It was a real man’s automobile – powerful and masculine, a real classic of the 90s. At the time of its introduction, the Bentley Continental R was the most expensive production automobile in the world. With its expressive design and powerful turbocharged engine, this two-door coupe redefined the Gran Turismo of the 1990s.
Source: Carriage House Motor Cars
Bentley was and is a story of gentlemen’s status, elitism, and style: аutomobiles from Crewe had always been a privilege for the elite. However, for a couple of decades, the sky over the brand was overcast. The proud British company became a hostage, to a symbiosis with Rolls-Royce that somehow took away the brand’s identity. However, the financial collapse of Rolls-Royce Limited was so loud that in 1971 the co-production was nationalized by the British government. After the acquisition of the brand by Vickers in 1980, the company’s business went up, but weakly. For example, the Continental R sold a couple of hundred units a year. However, this model was the first body that was not similar to the Rolls-Royce model since 1965. The fastest, most expensive, and most powerful vehicle of the British automaker became the benchmark of style and luxury of its time.
Traditionally, Aston Martin and Jaguar were the British brands responsible for the production of GT vehicles in Britain. However, in 1991, Bentley also entered this segment of the market with its new Continental R model. It all started with the Project 90 coupe concept presented at the 1984 Geneva Motor Show, which took 7 years to finalize. The result was a modern interpretation of the R-Type Continental fastback from the 1950s to the brand’s lineup – a powerful and fast 2-door automobile of the highest price category. For the first time in 30 years, Bentley launched its model, which had no analog under the Rolls-Royce brand. In addition, in 1991, Bentley’s new darling topped the list of the most expensive production vehicles in the world: it cost £178,000. The automobile shared a common platform with other models with a reduced wheelbase to 3061 mm, self-leveling hydraulic suspension, and front-ventilated disc brakes. Under the hood was a proven Bentley Turbo R 16-valve 6750cc V8 engine with Garrett turbocharging and MK-Motronic electronic fuel injection. The company did not officially report the power and torque indicators, but experts estimated them at 325 hp and 610 Nm, respectively. The prototype Bentley Continental R was shown at the 1991 Geneva Motor Show, where it was immediately bought by the Sultan of Brunei. The design of the automobile indicated thematic similarities to the Mulsanne and Turbo sedans, but with some hint of aerodynamics. The coupé’s main features were curved fender lines, a lower roofline, vertical taillights, and long, horizontal front turn signals. The model was in production until 2002 and produced 1289 automobiles, including limited editions of the Continental S, California Edition, and Millennium Edition. In 2000-2003 the company also built 38 Continental R420s and 46 Continental R Le Mans, all with 420 hp engines.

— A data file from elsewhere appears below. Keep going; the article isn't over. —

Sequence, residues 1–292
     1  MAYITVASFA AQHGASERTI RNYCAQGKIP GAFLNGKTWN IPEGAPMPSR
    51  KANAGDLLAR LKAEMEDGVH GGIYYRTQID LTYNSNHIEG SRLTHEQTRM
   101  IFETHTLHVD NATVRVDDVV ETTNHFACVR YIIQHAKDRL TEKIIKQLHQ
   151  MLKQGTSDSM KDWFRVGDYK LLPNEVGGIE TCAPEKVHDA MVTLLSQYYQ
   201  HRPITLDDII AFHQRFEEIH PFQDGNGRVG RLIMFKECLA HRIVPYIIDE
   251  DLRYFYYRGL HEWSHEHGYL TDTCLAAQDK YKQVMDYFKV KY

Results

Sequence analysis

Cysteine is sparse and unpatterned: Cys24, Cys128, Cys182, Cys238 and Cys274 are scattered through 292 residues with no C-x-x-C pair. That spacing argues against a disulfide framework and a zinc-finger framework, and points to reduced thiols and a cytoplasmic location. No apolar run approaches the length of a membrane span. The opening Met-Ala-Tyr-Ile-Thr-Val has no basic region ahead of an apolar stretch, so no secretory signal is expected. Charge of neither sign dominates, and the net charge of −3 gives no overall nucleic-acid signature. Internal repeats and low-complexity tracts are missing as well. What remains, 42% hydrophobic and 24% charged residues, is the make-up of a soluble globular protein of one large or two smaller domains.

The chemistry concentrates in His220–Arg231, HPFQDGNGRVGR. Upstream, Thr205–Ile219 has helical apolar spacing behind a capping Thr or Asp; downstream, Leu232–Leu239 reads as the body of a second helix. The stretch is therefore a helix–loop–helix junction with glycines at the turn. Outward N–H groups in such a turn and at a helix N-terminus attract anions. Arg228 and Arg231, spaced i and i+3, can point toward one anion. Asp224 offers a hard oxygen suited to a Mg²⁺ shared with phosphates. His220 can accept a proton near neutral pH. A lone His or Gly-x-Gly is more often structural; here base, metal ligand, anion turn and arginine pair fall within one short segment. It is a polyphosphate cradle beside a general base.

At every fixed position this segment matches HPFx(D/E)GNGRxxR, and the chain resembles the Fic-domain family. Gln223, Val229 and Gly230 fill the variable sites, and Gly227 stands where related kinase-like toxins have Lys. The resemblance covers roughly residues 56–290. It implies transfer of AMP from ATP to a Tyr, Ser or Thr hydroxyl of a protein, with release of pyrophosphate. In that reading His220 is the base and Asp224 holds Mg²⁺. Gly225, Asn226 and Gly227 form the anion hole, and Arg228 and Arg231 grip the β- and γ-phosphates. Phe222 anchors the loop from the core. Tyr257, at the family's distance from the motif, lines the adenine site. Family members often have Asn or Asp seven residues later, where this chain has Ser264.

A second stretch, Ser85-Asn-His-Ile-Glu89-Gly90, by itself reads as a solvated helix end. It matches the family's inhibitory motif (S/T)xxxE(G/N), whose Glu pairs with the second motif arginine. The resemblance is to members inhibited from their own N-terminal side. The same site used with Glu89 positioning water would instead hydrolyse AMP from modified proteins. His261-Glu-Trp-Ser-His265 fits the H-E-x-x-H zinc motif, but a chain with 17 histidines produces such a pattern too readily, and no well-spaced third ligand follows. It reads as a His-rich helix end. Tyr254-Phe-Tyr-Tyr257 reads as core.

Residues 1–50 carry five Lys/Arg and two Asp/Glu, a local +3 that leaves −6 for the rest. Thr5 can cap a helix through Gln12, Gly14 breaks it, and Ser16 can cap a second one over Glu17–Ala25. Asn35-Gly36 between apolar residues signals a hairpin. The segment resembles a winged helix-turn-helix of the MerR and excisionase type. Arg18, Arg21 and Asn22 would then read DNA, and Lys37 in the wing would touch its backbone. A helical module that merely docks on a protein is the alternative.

Source: Historics Auctioneers
Since its launch in 1991, the 6.75l turbocharged V8 Garrett engine from the Turbo R was picked for Continental R. Early vehicles (from 1991 to 1993 included) had an estimated power of 325 hp (242 kW; 330 hp) at 4000 RPM and maximum torque of 610 N⋅m (450 lb-ft) at 2000 rpm, as the company, like Rolls-Royce, didn’t disclose the real metrics for their products preferring to describe power output simply as “sufficient”. The car used a new 4-speed GM 4L80-E automatic transmission that was extensively tested by Rolls Royce over 1,609,344 km (1,000,000 miles), and modified by them to provide a very high level of detail. The car featured self-leveling hydraulic suspension (with adaptive travel/automatic travel) and ventilated disc brakes at the front with dual calipers. The engine was controlled by MK-Motronic digital fuel injection with a fully tuned ignition control system. At launch, the claimed top speed was 233 km/h (145 mph) and the 0-97 km/h (60 mph) acceleration time was 6.6 seconds. All cars featured an electronic transmission selector mounted on the center console (the first time Rolls Royce had made a car without an automatic transmission selector on the steering column), as well as a Sport button to simultaneously adjust the transmission layout and stiffen the suspension for more aggressive driving and handling.
Source: Charles Crail
The 1993 edition appeared in L.A. Law (1986-1994), Fled (1996), Dead to Me (2019-2022), and many more.
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